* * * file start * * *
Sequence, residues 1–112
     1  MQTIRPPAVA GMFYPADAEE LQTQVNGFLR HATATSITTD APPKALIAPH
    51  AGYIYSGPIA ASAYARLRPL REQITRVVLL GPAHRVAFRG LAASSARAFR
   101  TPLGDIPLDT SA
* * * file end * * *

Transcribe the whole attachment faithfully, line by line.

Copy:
Sequence, residues 1–112
     1  MQTIRPPAVA GMFYPADAEE LQTQVNGFLR HATATSITTD APPKALIAPH
    51  AGYIYSGPIA ASAYARLRPL REQITRVVLL GPAHRVAFRG LAASSARAFR
   101  TPLGDIPLDT SA